Topics: The First 48, Crisis management, Court Pages: 3 (1402 words) Published: July 24, 2013
10 Rules of Crisis Management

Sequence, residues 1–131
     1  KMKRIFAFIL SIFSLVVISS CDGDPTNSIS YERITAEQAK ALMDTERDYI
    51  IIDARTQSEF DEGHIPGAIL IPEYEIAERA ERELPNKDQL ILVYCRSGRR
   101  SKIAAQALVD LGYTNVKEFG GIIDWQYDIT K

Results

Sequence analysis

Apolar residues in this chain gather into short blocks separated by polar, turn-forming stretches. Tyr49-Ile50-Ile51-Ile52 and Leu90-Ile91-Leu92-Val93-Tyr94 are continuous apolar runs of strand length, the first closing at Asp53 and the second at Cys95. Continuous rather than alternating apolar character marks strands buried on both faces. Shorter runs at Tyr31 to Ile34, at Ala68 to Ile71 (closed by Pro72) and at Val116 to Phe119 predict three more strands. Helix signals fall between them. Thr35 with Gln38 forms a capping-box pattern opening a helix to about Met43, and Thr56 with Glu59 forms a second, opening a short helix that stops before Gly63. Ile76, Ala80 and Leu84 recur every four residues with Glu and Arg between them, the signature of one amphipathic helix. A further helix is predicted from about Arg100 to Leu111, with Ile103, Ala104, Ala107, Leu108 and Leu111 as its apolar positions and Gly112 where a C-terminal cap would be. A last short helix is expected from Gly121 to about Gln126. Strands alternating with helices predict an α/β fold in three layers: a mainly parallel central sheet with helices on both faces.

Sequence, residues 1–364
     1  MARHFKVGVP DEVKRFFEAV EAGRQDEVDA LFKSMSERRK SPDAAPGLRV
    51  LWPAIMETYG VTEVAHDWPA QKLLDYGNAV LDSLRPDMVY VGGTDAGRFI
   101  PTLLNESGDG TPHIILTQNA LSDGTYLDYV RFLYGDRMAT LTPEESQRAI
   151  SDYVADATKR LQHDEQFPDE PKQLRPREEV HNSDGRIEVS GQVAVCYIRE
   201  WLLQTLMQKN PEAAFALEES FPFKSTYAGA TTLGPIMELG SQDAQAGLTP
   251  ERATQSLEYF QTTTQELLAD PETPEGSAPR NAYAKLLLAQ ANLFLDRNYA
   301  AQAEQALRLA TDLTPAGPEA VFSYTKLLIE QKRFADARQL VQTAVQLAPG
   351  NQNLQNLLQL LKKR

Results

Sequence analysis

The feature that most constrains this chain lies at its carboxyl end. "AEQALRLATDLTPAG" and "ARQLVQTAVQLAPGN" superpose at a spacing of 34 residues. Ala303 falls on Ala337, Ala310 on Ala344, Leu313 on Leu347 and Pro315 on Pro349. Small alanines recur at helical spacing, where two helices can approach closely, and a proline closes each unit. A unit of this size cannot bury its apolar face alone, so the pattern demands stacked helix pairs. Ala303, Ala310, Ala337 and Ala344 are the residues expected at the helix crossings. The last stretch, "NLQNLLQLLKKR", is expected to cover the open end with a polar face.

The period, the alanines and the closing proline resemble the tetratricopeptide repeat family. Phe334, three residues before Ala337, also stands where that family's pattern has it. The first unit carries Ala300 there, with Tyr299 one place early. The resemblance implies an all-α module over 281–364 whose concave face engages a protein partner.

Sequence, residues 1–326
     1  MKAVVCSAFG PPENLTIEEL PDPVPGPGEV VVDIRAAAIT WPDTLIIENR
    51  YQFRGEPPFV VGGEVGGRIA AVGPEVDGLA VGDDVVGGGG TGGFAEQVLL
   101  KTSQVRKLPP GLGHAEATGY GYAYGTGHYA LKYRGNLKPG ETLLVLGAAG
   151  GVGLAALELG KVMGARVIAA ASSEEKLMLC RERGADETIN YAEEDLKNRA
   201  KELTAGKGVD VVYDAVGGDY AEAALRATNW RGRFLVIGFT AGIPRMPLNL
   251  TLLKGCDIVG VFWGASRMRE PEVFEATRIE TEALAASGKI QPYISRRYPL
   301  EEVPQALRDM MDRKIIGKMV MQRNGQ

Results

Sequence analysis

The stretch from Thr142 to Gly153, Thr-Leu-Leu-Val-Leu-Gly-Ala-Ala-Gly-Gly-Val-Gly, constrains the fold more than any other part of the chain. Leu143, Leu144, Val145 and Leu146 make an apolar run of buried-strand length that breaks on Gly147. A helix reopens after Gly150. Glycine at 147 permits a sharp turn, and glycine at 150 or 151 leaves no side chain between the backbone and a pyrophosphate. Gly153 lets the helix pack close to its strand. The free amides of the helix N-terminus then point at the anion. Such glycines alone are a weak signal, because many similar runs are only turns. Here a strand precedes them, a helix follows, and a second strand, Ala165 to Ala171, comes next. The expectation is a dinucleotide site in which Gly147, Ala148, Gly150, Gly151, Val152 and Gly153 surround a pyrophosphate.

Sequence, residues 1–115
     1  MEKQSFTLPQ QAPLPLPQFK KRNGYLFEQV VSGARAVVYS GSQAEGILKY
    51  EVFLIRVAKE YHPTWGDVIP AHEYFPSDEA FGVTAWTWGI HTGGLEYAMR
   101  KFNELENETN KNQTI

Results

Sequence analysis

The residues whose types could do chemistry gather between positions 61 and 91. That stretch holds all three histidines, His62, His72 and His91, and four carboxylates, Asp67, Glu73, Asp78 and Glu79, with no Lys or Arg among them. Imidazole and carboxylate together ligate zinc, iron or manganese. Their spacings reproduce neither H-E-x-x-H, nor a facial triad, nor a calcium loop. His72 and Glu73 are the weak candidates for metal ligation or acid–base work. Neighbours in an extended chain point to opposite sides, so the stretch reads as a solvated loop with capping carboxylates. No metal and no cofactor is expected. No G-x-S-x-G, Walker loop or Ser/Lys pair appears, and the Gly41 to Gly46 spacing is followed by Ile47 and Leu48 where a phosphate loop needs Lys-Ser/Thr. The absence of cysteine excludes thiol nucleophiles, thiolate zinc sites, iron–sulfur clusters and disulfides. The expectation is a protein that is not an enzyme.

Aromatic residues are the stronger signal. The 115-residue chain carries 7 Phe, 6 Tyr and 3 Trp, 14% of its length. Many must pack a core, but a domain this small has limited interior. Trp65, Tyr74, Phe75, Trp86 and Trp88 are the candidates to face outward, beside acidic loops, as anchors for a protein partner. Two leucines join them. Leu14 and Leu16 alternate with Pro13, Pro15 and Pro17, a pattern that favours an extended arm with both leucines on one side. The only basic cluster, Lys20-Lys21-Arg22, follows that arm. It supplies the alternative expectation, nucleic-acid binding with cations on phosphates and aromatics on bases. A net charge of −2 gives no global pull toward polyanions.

By Brian Ellis, EVP/Crisis Communications & whatcanbe Lab After 10 years in the news business and 20 years counseling clients how to stay out of headlines when a crisis strikes, I’ve developed 10 basic rules of crisis management. 1. Being Unprepared Is No Excuse. My father was an officer of the U.S. Army. Although I was never an active Boy Scout, their motto “Be Prepared” was drilled into my head at an early age. As I’ve toiled in this industry for the past two decades, it has amazed me how many companies are totally unprepared to deal with a real crisis. Most either have a crisis plan that hasn’t seen the light of day for at least a decade, or the plan is so complicated it would require an army of engineers to figure it out. Sorry to say, far too many organizations have found more important items to address, leaving their crisis plans as to-do items until the day the stuff hits the fan. They say it takes a lifetime to build a reputation and only a few hours to destroy it. You’re almost guaranteed the latter, if you fail to plan. Being unprepared is no excuse; it’s just a reflection of the importance you place on your reputation. 2. You Know The Threats – Get Ready For Them. In every crisis training session I conduct, I ask the audience if they can identify the top five threats facing their company. At first, you see a lot of heads bobbing up and down, but after a little prodding, they begin to develop the list. “So if you know the threats,” I ask, “how can you be unprepared for them?” (See Rule 1.) Crisis management is about speed. The faster you respond, the fewer problems you will face. In order to get out of the door quickly, you need to have fill-in-the-blank, pre-approved, stand-by statements ready to go. I had one client develop stand-by statements and key messages regarding her top five threats in an afternoon. It doesn’t have to be time intensive, but it does have to be a priority. 3. Know What You Want To Say Before...
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